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Episode 1776 Talkback - Introducing! Uncle Sam, Colonial Captain America, and the Black Coat

Adam_MurdoughAdam_Murdough Posts: 494
edited September 25 in CGS Episodes & Spin-Offs
We the people of Comic Geek Speak, in recognition of the fantastic coincidence that Episode 1776 of our podcast is due for release in the week of July 4th, do ordain and establish this special tribute to the first appearances of three characters with ties to the American War of Independence: Will Eisner's Uncle Sam (National Comics #1, 1940), Capt. Steven Rogers of the Continental Army (Captain America #194, 1976 / Cap: Sentinel of Liberty #6-7, 1999), and the Black Coat (The Black Coat: A Call to Arms #1, 2006). Download it at your liberty; it's a yankee-doodle dandy! (1:21:18)

Listen here, or give me death!

Comments

  • sharkjumper2sharkjumper2 Posts: 23
    Thank you, gentlemen. I always enjoy a good holiday-themed episode.

    Uncle Sam
    I believe I must have read his origin in one of those DC reprints from around 2000. I think it is time to seek out some sort of collection of those stories.

    Captain America
    I have been wanting to read some 70s Kirby Cap of late. I know it will be kooky but that is what started me on my long road of Cap reading and collecting (issue #200 for the Bicentennial). Much of my stuff is in storage but I did find a Madbomb/Return of the King #193 in the 2 Buck Bin to read but have no memory of reading #194. I do remember the Bicentennial Battles Colonial Cap and the SoL storyline.

    Here is that pin-up:

    image


    Cap did start in CAPTAIN AMERICA COMICS #1 for March 1941 but there are stories that it was on the stands as early as December 1940. Well after Eisner's Uncle Sam but that cover date minus 3 or so months deal was in affect early, it seems.

    I liked all the Roger Stern talk. Yes, please revisit the Byrne/Stern Cap run at some point. And he was writing some darn good Avengers yarns in the mid-80s too (Assault of Avengers Mansion?). But perhaps you missed CAPTAIN AMERICA C.O.R.P.S. from 2011. It was a Cap mini series with multiple Caps teaming together and very much has that warm fuzzy comics feel of the 80s that we remember. I recommend it.

    image

    The Black Coat
    I remember CGS talking about it. What sold me is when I checked out their website with Francesco's art and I was amazed. It had a lot of potential but I felt the character was going off in to directions I didn't care for and would have liked more history woven in.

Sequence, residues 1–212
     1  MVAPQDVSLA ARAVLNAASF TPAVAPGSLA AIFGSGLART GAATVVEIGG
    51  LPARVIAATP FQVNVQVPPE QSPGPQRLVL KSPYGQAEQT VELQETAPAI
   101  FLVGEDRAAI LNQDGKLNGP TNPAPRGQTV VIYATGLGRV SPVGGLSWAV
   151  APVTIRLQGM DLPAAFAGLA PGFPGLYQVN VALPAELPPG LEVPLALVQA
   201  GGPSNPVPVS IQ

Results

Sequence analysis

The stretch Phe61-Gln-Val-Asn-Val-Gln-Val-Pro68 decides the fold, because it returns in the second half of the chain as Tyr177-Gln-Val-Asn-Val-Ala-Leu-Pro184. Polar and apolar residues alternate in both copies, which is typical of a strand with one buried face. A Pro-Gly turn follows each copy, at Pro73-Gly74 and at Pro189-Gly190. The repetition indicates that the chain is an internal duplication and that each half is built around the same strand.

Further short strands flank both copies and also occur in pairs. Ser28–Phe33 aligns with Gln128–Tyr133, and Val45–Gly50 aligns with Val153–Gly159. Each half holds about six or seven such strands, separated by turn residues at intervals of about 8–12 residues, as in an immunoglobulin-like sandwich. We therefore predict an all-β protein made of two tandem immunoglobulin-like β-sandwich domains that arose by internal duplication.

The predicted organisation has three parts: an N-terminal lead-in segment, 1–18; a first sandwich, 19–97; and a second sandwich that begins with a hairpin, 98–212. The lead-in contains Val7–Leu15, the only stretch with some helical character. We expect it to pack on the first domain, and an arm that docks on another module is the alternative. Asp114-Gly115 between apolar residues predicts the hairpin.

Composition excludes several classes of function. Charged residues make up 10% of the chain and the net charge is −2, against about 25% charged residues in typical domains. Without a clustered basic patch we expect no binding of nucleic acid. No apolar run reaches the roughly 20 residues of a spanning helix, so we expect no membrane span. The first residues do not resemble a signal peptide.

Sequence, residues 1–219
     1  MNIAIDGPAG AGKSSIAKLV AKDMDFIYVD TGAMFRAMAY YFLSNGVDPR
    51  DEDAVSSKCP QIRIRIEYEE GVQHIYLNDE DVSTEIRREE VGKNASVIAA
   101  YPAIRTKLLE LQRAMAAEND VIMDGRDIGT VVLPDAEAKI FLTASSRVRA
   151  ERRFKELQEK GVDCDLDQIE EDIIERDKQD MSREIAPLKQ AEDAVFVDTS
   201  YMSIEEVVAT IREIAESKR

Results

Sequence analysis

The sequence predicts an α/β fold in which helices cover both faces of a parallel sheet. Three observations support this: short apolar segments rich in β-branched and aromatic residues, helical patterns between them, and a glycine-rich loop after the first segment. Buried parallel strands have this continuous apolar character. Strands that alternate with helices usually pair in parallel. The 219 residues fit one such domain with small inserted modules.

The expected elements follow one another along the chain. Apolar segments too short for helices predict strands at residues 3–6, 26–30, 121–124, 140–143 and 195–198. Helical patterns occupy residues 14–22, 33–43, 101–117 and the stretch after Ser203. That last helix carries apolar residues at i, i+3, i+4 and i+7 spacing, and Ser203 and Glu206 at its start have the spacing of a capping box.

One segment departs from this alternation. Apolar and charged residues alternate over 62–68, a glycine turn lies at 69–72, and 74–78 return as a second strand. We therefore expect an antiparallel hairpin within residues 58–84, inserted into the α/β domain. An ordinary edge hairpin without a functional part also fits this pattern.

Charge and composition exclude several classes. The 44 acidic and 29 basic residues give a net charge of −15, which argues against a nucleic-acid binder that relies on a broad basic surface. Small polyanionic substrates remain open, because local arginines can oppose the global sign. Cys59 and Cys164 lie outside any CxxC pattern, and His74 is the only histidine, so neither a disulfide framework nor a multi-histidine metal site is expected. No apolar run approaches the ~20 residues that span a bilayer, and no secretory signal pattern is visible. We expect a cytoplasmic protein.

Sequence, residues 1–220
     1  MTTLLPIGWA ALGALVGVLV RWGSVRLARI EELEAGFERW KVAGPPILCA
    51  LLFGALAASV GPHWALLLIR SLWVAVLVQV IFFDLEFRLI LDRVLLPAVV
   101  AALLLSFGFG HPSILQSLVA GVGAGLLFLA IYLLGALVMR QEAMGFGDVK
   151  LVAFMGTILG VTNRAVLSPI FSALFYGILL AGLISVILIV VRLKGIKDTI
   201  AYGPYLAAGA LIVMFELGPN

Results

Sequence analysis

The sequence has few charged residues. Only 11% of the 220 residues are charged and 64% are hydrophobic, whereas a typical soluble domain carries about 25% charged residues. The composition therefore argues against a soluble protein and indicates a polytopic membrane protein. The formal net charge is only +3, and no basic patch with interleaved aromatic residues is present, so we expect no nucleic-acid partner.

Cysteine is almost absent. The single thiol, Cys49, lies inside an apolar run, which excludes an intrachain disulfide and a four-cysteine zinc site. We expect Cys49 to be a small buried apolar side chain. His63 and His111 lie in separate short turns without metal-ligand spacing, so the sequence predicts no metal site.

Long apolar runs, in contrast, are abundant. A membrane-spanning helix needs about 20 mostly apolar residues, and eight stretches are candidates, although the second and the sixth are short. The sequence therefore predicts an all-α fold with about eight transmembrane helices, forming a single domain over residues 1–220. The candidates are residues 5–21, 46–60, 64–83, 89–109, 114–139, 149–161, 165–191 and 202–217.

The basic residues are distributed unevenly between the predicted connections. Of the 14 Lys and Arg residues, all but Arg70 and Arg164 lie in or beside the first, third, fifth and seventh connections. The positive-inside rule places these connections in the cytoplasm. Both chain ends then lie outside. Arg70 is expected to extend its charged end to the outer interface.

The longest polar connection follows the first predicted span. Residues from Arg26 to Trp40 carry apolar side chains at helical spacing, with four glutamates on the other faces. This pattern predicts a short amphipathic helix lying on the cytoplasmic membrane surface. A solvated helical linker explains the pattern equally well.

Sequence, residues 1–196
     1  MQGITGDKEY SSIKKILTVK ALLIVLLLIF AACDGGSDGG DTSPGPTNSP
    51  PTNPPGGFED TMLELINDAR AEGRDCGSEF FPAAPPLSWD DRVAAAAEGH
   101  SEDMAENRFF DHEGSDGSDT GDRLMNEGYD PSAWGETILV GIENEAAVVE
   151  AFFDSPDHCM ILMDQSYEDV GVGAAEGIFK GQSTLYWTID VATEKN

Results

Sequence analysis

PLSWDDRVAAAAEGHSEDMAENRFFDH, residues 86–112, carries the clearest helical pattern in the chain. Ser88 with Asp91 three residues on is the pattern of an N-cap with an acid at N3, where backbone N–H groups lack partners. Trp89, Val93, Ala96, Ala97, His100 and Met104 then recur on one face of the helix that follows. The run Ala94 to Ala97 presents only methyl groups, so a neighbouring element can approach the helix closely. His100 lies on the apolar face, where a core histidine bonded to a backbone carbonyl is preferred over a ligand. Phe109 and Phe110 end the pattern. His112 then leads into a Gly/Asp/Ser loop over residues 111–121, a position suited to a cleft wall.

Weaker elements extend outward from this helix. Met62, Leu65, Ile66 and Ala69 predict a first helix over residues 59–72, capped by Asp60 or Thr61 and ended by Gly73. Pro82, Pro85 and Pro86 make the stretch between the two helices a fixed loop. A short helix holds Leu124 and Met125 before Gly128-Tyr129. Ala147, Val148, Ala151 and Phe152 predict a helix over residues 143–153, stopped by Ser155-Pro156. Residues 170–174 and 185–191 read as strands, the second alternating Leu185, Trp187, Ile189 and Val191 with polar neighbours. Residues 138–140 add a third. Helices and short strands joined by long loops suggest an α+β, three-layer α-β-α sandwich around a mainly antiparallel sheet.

After the CGS plug, I sought them out at the San Diego Comic-Con back in 2006. The photo is a little blurry but here is Francesco Francavilla and Ben Licius:

    image



    And finally, keeping in the spirit of 1776, Did you know Charlton put out a comic based on the movie? I'm still trying to track down a copy myself and it doesn't look to be of the highest caliber but I imagine Murd and the late Jamie would give it a hoot.

    image

    Thanks again.

  • EdChambersEdChambers Posts: 59
    Regarding The Black Coat, there was also a Black Coat/Athena Voltaire one-shot from Ben Lichius and Steve Bryant that came out around 2009. This episode makes me want to dig out my copies of The Black Coat and re-read them all.
    This episode also reminds me of all the past episodes where the CGS crew interviewed some of the creators of these lesser know books.
  • aquatroyaquatroy Posts: 550

    Regarding The Black Coat, there was also a Black Coat/Athena Voltaire one-shot from Ben Lichius and Steve Bryant that came out around 2009. This episode makes me want to dig out my copies of The Black Coat and re-read them all.
    This episode also reminds me of all the past episodes where the CGS crew interviewed some of the creators of these lesser know books.

    Same here! I remember those books as being beautiful to look at. I don't recall the clunky dialogue.
  • ChrisMurrinChrisMurrin Posts: 195
    Still catching up on episodes while I attempt to exercise. Another fine episode, gents.
  • nweathingtonnweathington Posts: 6,426
    Re: the artwork for the first “Uncle Sam” strip in National Comics #1, it should be pointed out that Eisner wrote and laid out the story, but Dave Berg (best known for his Mad magazine work) provided the finishes. I have no idea just how tight or loose Eisner’s layouts were, but Berg was a very good cartoonist in his own right.

    As for which came first, National Comics #1’s on-sale date is listed as April 14, 1940, so Uncle Sam (presumably) hit stands before the Spirit. Given how far ahead the newspaper syndicates worked, though, the first Spirit strip was almost certainly created and drawn before the first “Uncle Sam”.

    @i_am_scifi, could it be that your inclination to think of Uncle Sam as Southern comes from his goatee, which is nearly identical to the one iconically sported by Colonel Sanders of KFC fame?
  • i_am_scifii_am_scifi Posts: 651

    I say you're right, @nweathington, I say!

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